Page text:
On Saturday I treated him to a teddy bear that’s as tall as him, and I said: “If you ever miss me and you feel sad then you can cuddle teddy and he will help you feel better until I come back.” I say these things and I never know if they register, his nearly-four-year-old attention flying from shiny object to TV screen to iPad to his princesses. But my sister told me he came home from nursery the day I left and declared he was missing me and hugged teddy. I nearly cried. I always make her tell me the things he says about me when I’m not there, my heartache-y auntie need to know he still loves me. And he does… he does :)
And good god, I love him so.
First, the year in stats:
Number of teeth removed: 1
Number of moles removed: 1
Number of stitches: 3
Number of muscles built: a lot
Number of years on the planet: 40
Number of first dates: 6
Number of second dates: 1
Number of third dates: 0
Number of new tattoos: 2
Number of trips abroad: 1
Number of new courses launched: 1
Number of book contracts signed: 1
Number of years deleted from my blog: 3 (2006 – 2008)
I feel ready to say goodbye to 2013. After all the outward movement of last year, 2013 has been positively hermit-like in comparison. I started January wading through the depression my return to London had triggered, and for the rest of the year my goal has been to heal myself, physically, mentally and emotionally. Knowing I couldn’t do this on my own I reached out for help and found Wendy, my therapist, and Carrie, my personal trainer. I’ve been diligently working with these two wonderful women (who are both Americans living in the UK, interestingly) each week and the progress I’ve made in both my physical fitness — planks and push ups weren’t even on my radar last year — and emotional health has been enormous.
Of course, committing to an inward journey like this has meant I’ve been less present online this year. I’ve been plugging away at this biz of mine since I created my first ecourse back in January 2009 — after four years of steady growth, and a LOT of time at the computer, it was time to pull back and devote energy to my offline life. This hasn’t been the most comfortable transition, but it was definitely necessary. As I gave myself space to figure stuff out, I also started online dating again, and though I haven’t had that many dates the few I have had let me see the gap between my online and offline life needed to be tackled. My solution was to blank slate the first three years of this blog, a decision that’s helped me let go of the grief story I’ve felt defined by for so long and stand firmly were I am now.
As I greet the new year as a single woman, it’s clear the dating hasn’t been the greatest success, and while there’s a part of me that wants to quit, the desire for love and companionship still burns strong. I’ve made big strides in the direction of my dreams, and opened my heart in ways I hadn’t expected, so while this year didn’t bring me what I wished for, it’s certainly moved me closer — I have to believe that.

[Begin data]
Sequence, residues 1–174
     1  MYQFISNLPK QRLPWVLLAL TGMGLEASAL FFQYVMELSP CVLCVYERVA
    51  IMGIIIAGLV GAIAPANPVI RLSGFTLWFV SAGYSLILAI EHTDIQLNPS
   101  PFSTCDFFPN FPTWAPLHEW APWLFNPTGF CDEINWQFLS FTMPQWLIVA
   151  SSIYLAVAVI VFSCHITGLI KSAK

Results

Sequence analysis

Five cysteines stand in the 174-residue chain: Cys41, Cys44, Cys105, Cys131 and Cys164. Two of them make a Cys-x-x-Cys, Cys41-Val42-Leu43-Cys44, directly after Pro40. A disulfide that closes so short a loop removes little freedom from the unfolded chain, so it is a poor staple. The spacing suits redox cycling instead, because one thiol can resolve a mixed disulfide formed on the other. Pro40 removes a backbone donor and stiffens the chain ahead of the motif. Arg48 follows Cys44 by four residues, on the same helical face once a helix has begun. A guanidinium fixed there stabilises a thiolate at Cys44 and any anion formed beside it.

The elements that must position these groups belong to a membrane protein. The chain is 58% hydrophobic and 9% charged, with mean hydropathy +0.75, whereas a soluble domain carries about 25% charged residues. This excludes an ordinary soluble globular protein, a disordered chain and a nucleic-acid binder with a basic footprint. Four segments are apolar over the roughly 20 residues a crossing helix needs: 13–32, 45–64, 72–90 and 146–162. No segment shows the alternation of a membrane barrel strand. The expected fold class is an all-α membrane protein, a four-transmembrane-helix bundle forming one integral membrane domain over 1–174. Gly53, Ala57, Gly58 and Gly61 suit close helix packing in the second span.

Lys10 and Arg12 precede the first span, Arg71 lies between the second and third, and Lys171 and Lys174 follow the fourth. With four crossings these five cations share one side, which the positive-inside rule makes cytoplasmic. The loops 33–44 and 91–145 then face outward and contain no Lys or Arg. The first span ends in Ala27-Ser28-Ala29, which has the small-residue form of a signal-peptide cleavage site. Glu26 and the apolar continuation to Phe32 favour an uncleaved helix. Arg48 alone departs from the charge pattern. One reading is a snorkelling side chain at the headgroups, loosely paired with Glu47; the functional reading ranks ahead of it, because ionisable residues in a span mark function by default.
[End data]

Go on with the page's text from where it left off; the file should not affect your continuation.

In summary, it’s been a quietly challenging year and I’m leaving it physically stronger, mentally clearer and emotionally humbler. I feel raw and opened, but rather than close down, I’m staying this way so I’m ready for whatever 2014 has in store for me.
Fave books of the year: Shockingly, I haven’t read any fiction this year, but I’ve had non-fiction coming out my ears. Some of the most useful include The Highly Sensitive Person, The Dark Side of the Light Chasers, True Refuge, Writing Down Your Soul
Fave music of the year: Gabrielle Aplin | London Grammar | Haim
Fave moment of the year: with Noah in the John Lewis loos
Fave week of the year: The week away with my family in May was wonderful, and my birthday trip to NYC in February was just what I needed, but it was our Redfox retreat in October that truly blew me away
Physical accomplishment of the year: maintaining a respectable level of physical fitness all year by going to the gym and working out with Carrie — her arrival in my life has been such a blessing.
Bonus physical accomplishment: giving up gluten has transformed my body, in a really good way. Decades of digestion issues have finally been resolved.
Fave posts of the year: Journaling & me: a love story | 40 lessons from 40 years | Eight years | This boy | Three | Notes on being a hermit | The exercise-hater’s guide to loving the gym | How I shoot with my iPhone | This is why therapy rocks
I’ll be finishing my workbook tomorrow with candles, incense and a heart full of intention. Thank you for sharing this space with me this year. I know I haven’t been here as much — in all honesty it’s been weird not to be able to blog about every aha as I had it! — but I’ve got plans for some ace new stuff in 2014, and I think you’re going to like it. xo
Other years in review: 2012 :: 2011 :: 2010 :: 2009
Wishing you all a peaceful end to 2013 — I’ll be back here on Wednesday with my word of the year (have you picked yours yet? The workbook helped me nail mine down, so give that a try if you’re still undecided. Then tell me what it is on Wednesday :)